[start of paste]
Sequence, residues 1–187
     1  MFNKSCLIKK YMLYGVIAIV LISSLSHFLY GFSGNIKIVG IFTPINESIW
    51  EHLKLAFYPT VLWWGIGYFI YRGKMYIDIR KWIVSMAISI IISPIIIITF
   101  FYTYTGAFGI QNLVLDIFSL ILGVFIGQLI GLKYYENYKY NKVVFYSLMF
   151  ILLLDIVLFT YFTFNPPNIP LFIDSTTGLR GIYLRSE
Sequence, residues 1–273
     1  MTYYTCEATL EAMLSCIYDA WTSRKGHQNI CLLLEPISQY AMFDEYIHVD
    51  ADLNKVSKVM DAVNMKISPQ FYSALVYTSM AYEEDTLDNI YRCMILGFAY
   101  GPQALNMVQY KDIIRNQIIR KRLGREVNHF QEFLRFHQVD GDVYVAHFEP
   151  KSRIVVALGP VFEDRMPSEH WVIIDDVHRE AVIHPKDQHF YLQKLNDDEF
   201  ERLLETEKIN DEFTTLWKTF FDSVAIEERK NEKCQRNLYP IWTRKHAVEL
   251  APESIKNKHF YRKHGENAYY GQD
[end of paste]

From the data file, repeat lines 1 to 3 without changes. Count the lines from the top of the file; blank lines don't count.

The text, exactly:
Sequence, residues 1–187
     1  MFNKSCLIKK YMLYGVIAIV LISSLSHFLY GFSGNIKIVG IFTPINESIW
    51  EHLKLAFYPT VLWWGIGYFI YRGKMYIDIR KWIVSMAISI IISPIIIITF